infinite at the equator. But, is there a simple way of getting across
that the period in between the poles and the equator varies
specifically as 23:56 / sin(latitude)?
Personally,
I would like to have a SIMPLE explanation for the origin of the
sin(latitude) denominator, which I don't understand yet, even though a
full derivation of the equations of motion describing the pendulum
motion is provided in texts and on the web. At an absolute minimum, I
need to provide to a science fearing public an easy to understand
reason for why the period of procession increases (instead of remains
equal to) ~24 hrs. as you get farther away from the poles. A
qualitative explanation, avoiding the sin(latitude) specifics, is much
better than nothing.
Demonstrations
that physically involve our guests (such as holding a yoyo or running
around in a line) are preferred.
On behalf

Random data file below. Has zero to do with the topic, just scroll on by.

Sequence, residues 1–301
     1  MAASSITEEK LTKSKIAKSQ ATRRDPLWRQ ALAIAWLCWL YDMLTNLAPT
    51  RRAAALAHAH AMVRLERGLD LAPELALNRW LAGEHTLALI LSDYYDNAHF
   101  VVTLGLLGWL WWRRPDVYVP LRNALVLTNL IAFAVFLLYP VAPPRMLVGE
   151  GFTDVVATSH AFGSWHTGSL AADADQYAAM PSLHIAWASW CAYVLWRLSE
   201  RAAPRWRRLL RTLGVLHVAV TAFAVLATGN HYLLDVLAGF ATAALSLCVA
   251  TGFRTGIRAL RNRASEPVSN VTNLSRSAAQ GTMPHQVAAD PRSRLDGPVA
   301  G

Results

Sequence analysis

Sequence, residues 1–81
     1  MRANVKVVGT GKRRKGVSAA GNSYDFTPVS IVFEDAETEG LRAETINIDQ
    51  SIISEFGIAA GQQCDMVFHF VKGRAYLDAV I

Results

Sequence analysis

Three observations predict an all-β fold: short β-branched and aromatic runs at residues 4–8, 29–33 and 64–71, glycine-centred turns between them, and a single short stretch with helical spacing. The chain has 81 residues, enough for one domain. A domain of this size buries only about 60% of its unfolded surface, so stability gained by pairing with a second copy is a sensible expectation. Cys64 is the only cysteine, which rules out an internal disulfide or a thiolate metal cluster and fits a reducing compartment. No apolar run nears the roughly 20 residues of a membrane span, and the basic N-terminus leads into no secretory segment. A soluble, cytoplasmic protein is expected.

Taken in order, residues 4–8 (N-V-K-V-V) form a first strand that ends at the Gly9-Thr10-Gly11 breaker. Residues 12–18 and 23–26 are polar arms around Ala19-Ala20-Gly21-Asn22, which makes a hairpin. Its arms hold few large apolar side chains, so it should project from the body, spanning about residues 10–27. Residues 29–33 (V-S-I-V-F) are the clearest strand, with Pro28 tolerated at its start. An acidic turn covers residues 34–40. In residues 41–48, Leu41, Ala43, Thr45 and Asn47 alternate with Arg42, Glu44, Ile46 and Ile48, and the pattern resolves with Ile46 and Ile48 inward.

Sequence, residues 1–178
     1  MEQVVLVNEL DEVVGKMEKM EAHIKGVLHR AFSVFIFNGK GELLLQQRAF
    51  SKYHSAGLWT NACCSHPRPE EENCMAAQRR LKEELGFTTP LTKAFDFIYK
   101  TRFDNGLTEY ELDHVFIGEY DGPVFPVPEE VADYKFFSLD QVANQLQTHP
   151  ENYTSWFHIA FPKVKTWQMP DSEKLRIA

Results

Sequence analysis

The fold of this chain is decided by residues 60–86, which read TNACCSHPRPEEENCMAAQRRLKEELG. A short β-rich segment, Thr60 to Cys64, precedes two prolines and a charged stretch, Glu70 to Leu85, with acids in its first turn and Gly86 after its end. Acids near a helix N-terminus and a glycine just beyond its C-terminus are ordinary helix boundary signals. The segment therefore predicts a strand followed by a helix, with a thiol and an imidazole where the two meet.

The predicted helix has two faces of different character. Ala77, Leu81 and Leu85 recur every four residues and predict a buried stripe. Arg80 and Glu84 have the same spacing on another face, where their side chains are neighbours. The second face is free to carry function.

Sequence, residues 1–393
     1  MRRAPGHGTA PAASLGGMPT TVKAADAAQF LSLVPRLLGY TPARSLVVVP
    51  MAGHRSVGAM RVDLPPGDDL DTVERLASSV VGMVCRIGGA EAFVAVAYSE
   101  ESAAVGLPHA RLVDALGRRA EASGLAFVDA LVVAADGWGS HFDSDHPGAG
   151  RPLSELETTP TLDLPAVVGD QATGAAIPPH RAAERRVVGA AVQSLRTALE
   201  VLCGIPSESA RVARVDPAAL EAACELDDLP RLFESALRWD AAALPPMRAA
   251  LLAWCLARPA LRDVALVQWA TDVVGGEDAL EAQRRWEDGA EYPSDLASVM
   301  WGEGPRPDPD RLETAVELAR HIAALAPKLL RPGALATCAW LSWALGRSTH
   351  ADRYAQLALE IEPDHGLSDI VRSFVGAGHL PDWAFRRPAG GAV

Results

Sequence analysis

of our museum guests, thanks very much in advance for considering this
problem!
ANSWER:
I have reviewed my classical mechanics texts and I cannot
find a simple intuitive way to explain why the period of precession
varies like 1/sin(latitude); this factor arises from the cross product
of two vectors axb=ab sinq_{ab}
and I believe that this will not provide an intuitive route for your
guests! However, I think you have the explanation at your
fingertips without knowing it. If you call the period of
precession T and the period at the north pole (q=90^{o}) T_{N},
then you could propose that T=T_{N}/sin(q). Of course this
works at the north pole since sin(90^{o})=1. Now, you
could easily convince everybody that the period at the equator (q=0^{o}) should
be infinite and, since sin(0^{o})=0, the proposal works.